Thread: Problem while making a binary tree

1. Problem while making a binary tree

I was trying to make a simple binary tree
When i ran it, turbo C terminated
while it wrkd fine when i compiled using gcc
I used a count variable to keep a check in the loop....and the value of count had gone upto 25 when it should have been just 3

(this happened when i entered numbers 7 6 5 8)

Code:
#include<stdio.h>

#include<conio.h>

struct nodetype

{

int info;

struct nodetype *rt;

struct nodetype *lt;

};

typedef struct nodetype *node;

node getnode()

{

node tmp=(node)malloc(sizeof(node));

return tmp;

}

node maketree(int x)

{

node p= getnode();

if(p==NULL)printf("No space");

p->info=x;

p->lt=NULL;

p->rt=NULL;

return(p);

}

void setleft(node q, int x)

{

node tmp;

if(q==NULL)

{

printf("Father null");

return;

}

if(q->lt!=NULL)

{

printf("Invalid insertion");

return;

}

q->lt= maketree(x);

}

void setright(node q, int x)

{

node tmp;

if(q==NULL)

{

printf("Father null");

return;

}

if(q->rt!=NULL)

{

printf("Invalid insertion");

return;

}

q->rt= maketree(x);

}

void insert(node *tree, int x)

{

int count=0;

node p,q;

p=q= *tree;

if(p== NULL)

{

printf("tree");

*tree=maketree(x);

return;

}

while((p->info!=x)&&(q!=NULL))

{

p=q;

//count++;

if(q->info>x)

q=q->lt;

else

q=q->rt;

//printf("count: %d" , count);

}

if(x==p->info)

else

{

if(x>p->info)

setright(p,x);

else

setleft(p,x);

}

}

//For inorder traversal of the tree
void intrav(node p)

{

if(p!=NULL)

{

intrav(p->lt);

printf(" %d ", p->info);

intrav(p->rt);

}

}

void main()

{

int num;

node mytree= NULL;

clrscr();

do

{

printf("NUMBER: ");

scanf("%d", &num);

insert(&mytree, num);

printf("\nEnter more: ");

scanf("%d", &num);

}while(num==1);

intrav(mytree);

getch();

}
I would highly appreciate if someone would go through the code and point out my problem
Thanks 2. Originally Posted by fancy217 I would highly appreciate if someone would go through the code and point out my problem
That's partly what a compiler is for. And Turbo C is garbage these days. 3. I hv gone through a code a couple of times now but cannot come up with the flaw.
I have faced this before which means I am going wrong somewhere.....
Please give a look at the code..... 4. I'm not spotting any problem with your code. Try traversing the tree after every insert(), and let us know what it prints for the tree:
Code:
insert(&mytree, num);
intrav(mytree);

printf("\nEnter more: ");
scanf("&#37;d", &num);

}while(num==1); 5. >node tmp=(node)malloc(sizeof(node));
Make this:
node tmp = malloc(sizeof(*node));

You should also #include <stdlib.h> for malloc(). 6. You might need to use the actual object:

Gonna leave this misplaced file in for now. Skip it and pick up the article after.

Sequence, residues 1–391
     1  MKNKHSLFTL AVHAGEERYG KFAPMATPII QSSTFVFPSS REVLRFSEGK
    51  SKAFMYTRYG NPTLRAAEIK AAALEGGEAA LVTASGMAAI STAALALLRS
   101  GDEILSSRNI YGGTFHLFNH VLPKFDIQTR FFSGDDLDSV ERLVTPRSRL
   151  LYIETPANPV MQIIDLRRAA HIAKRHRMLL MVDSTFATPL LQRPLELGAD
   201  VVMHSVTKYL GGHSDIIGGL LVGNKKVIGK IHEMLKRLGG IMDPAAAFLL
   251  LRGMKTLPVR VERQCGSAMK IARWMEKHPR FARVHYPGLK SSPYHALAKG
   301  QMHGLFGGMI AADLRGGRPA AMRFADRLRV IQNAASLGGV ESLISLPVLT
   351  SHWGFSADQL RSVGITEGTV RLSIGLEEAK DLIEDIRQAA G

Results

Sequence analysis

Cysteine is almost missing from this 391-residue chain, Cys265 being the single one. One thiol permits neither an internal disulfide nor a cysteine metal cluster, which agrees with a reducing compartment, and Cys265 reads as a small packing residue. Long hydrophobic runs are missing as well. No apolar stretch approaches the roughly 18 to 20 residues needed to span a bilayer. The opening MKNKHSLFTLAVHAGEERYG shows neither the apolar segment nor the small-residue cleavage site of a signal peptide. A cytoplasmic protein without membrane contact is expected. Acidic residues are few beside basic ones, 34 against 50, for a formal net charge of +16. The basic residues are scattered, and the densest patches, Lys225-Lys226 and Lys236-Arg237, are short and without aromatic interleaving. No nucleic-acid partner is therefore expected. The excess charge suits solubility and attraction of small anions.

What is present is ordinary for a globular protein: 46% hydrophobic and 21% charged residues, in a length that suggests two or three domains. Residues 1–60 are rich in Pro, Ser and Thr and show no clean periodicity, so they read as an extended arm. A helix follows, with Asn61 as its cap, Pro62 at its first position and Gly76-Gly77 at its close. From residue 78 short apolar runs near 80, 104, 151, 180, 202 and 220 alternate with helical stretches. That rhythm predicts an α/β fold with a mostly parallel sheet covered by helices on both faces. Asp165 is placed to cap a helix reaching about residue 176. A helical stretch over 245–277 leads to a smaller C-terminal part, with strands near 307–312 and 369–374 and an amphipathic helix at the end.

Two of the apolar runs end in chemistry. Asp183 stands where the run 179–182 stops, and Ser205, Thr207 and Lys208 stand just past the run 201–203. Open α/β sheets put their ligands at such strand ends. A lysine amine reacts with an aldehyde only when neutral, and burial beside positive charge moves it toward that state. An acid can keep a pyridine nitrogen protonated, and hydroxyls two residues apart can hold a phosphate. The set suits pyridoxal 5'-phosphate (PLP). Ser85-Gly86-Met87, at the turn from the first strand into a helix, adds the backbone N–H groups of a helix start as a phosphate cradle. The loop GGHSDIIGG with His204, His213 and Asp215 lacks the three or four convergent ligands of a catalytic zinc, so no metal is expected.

node tmp = malloc(sizeof(*tmp)); 7. It is working fine with the solution you suggested.
Thanks a bunch
Can you please explain me why it wasn't k earlier...coz the pointer also would give the same size of the node. It was working perfectly fine with gcc though. 8. >Can you please explain me why it wasn't k earlier...coz the pointer also would give the same size of the node.
node is defined as a pointer to struct nodetype:
Code:
typedef struct nodetype *node;
So sizeof(node) or sizeof(struct nodetype *) is the size of a pointer on your system. You can printf() this value to see what it is. It could be 4, or it could be more. However sizeof(struct nodetype) is bigger. This struct contains one int, plus two pointers. And it may even contain some padding. So sizeof(struct nodetype) is at least 10, possibly more:
Code:
printf("sizeof(node): &#37;lu\n", (unsigned long) sizeof(node));
printf("sizeof(struct nodetype): %lu\n", (unsigned long) sizeof(struct nodetype));
See what that prints. You were probably allocating 4 bytes of memory for the struct, when it actually needed 10 to 12 bytes. The reason it worked perfectly under gcc is you got lucky, and didn't corrupt the memory area.

>It was working perfectly fine with gcc though.
This is the consequence of code containing undefined behavior. Undefined behavior means anything may happen. The program may run perfectly, or it may crash at the line causing undefined behavior, or it may keep running farther and crash. 9. >void main()
And it's a good habit to return an int from main, since void main() is wrong.
Code:
int main(void)
{
.
.
return 0;
}
See this FAQ entry: What's the difference between... > main() / void main() / int main() / int main(void) / int main(int argc, char *argv[]) Popular pages Recent additions